Wales’ class of 2022 endure a year to forget with World Cup looming

Wales' class of 2022 endure a year to forget with World Cup looming

Wales players in a huddle after a 39-34 defeat against Australia

So there we have it, the 2022 fixture list is over for the Wales rugby team.

With a Welsh Rugby Union (WRU) review into the failed autumn campaign pending, there may well be twists and turns on the coaching front over the next few days.

Wayne Pivac’s future is in doubt with Warren Gatland a target for a potential short-term return.

But for the players, the international year is over. They will return to their clubs and regions until the Six Nations begins in February.

Over the years, Wales players have often come into a winning national set-up after being involved in struggling regional squads, but a win ratio of 25% in 2022 for Pivac’s men shows that is no longer the case.

The statistics are stark: 12 games, nine defeats and just three wins, against Scotland, South Africa and Argentina.

There have been three blocks of matches – the Six Nations, the summer tour of South Africa and autumn series – with only one win coming in each section and no successive victories.

Wales started the year eighth in the world rankings and finish ninth.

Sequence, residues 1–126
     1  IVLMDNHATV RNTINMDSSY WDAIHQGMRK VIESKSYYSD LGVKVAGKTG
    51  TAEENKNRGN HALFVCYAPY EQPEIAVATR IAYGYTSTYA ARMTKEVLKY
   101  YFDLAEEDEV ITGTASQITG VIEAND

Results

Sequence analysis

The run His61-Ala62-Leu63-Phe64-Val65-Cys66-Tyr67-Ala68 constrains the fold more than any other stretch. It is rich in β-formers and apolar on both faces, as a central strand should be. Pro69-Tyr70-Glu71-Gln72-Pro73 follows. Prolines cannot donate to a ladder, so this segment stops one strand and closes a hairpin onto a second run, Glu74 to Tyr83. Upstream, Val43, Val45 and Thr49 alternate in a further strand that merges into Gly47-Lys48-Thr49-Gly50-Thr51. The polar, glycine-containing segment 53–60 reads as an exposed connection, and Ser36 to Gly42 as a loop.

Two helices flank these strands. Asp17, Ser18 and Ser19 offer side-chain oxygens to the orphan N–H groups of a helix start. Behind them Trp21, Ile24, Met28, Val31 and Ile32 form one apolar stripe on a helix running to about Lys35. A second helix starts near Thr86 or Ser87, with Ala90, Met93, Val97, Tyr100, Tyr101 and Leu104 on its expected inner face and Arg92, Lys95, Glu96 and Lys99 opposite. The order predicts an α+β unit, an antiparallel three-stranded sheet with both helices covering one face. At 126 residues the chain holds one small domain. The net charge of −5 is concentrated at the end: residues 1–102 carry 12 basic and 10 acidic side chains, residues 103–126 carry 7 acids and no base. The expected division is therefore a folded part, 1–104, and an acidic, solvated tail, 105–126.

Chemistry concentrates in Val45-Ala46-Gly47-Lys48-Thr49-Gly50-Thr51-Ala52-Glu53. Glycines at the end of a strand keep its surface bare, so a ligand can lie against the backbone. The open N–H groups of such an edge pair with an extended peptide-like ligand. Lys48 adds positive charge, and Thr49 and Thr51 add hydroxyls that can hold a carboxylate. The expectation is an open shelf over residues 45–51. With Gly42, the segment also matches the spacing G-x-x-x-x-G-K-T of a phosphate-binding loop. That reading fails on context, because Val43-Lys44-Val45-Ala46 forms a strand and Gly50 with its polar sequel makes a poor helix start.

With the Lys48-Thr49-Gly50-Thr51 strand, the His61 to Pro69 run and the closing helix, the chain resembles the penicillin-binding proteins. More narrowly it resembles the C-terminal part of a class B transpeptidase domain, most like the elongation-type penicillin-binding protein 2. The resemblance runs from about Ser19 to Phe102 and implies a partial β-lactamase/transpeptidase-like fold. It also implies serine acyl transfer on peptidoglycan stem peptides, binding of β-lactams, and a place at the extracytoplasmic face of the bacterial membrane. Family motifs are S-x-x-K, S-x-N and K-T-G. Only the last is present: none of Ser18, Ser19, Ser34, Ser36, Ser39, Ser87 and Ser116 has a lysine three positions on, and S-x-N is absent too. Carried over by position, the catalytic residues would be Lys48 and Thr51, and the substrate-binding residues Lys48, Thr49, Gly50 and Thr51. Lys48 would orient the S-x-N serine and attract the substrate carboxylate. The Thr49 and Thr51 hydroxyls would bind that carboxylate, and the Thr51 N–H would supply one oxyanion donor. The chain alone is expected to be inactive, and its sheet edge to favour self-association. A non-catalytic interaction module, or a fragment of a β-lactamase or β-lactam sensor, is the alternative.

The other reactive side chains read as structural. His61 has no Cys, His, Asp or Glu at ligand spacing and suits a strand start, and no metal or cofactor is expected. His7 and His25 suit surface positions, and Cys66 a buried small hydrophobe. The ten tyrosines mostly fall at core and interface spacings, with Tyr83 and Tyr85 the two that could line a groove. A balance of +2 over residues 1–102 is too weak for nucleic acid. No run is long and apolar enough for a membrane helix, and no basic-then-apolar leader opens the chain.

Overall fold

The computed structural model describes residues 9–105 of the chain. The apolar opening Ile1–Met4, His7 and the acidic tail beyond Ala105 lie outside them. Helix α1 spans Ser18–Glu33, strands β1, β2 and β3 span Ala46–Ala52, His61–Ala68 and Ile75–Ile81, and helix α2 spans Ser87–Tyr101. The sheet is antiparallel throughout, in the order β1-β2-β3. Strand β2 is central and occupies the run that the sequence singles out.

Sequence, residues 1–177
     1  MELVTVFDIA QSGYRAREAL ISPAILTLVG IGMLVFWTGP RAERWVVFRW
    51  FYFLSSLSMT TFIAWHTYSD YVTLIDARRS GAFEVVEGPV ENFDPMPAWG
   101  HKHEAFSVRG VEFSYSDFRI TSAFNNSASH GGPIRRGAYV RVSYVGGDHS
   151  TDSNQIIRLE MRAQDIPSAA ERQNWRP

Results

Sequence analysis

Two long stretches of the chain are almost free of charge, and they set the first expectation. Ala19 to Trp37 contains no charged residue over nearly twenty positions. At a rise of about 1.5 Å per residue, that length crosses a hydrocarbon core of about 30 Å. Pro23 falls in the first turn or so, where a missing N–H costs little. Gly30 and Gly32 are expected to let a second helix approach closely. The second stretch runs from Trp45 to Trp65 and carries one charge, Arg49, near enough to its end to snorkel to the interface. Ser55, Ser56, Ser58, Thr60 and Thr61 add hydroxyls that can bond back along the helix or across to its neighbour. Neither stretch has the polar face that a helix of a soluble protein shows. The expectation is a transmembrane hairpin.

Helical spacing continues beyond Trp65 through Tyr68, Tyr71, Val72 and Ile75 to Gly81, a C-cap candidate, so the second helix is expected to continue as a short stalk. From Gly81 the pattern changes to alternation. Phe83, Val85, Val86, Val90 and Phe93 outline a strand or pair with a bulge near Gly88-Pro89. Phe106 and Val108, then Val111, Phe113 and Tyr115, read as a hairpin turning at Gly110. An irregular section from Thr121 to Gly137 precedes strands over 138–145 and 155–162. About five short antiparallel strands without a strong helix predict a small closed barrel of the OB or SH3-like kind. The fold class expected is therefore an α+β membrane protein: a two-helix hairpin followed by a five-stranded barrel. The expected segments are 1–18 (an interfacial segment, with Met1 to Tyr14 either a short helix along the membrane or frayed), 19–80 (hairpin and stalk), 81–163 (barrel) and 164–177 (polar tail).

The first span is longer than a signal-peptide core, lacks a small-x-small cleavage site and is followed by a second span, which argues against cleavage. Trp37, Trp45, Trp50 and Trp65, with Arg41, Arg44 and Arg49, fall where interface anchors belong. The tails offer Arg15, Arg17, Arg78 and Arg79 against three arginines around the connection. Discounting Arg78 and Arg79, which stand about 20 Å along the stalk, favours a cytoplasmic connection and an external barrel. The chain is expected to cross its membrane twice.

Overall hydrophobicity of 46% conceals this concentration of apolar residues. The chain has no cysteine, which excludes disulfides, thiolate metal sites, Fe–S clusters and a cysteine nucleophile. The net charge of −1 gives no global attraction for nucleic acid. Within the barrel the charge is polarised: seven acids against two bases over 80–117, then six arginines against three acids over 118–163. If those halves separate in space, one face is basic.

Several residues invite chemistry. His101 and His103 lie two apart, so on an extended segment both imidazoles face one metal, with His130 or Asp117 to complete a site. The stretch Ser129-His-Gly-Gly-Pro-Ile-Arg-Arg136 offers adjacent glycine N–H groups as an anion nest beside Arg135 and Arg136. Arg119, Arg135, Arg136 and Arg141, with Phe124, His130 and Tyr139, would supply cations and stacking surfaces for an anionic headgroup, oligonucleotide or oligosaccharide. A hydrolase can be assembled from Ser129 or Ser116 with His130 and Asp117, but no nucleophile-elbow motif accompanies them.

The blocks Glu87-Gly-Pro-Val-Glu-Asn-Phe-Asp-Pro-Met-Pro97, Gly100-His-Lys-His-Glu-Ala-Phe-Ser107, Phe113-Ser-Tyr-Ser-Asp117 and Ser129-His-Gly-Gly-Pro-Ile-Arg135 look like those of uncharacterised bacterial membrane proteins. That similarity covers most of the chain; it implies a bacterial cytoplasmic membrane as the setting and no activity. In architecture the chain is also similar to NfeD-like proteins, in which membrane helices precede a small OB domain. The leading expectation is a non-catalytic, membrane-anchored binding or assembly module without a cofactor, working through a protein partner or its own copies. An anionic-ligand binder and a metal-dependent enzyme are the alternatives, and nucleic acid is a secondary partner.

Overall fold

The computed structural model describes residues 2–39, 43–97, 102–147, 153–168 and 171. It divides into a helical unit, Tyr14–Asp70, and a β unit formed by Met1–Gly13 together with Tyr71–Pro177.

But they find themselves closer to Japan and Samoa, who are 10th and 11th respectively.

Not the preparation you want, then, 10 months before a World Cup where Australia, Georgia, Fiji and Portugal await in the pool.

More bust than boom

It was a year to forget with Welsh rugby often associated with a boom-and-bust culture but 2022 has had many more negatives than positives.

The high? In July, Pivac’s team became the first men’s Welsh side to defeat the Springboks in South Africa, a week after almost winning the first Test in Pretoria. Those heady days now seem a long way away.

The lows? In no particular order, being hopelessly outmuscled by Ireland in the Six Nations and becoming the first Wales side to lose at home to Italy and Georgia.

Then there was a 55-23 hammering by New Zealand, before throwing away a 21-point lead against Australia by leaking 26 unanswered points in 20 minutes.

Wales scored 20 tries in five games during their 2021 Six Nations title success. In 12 games in 2022, they managed 21.

The most alarming aspect has been the attacking shape on display, although it was arguably at its most impressive in the final game of the year against Australia, at least for the first hour.

Under Gethin Jenkins, the defence was one of the few positives during the Six Nations campaign, when Wales conceded just eight tries in five matches, despite the defending champions only finishing fifth in the tournament.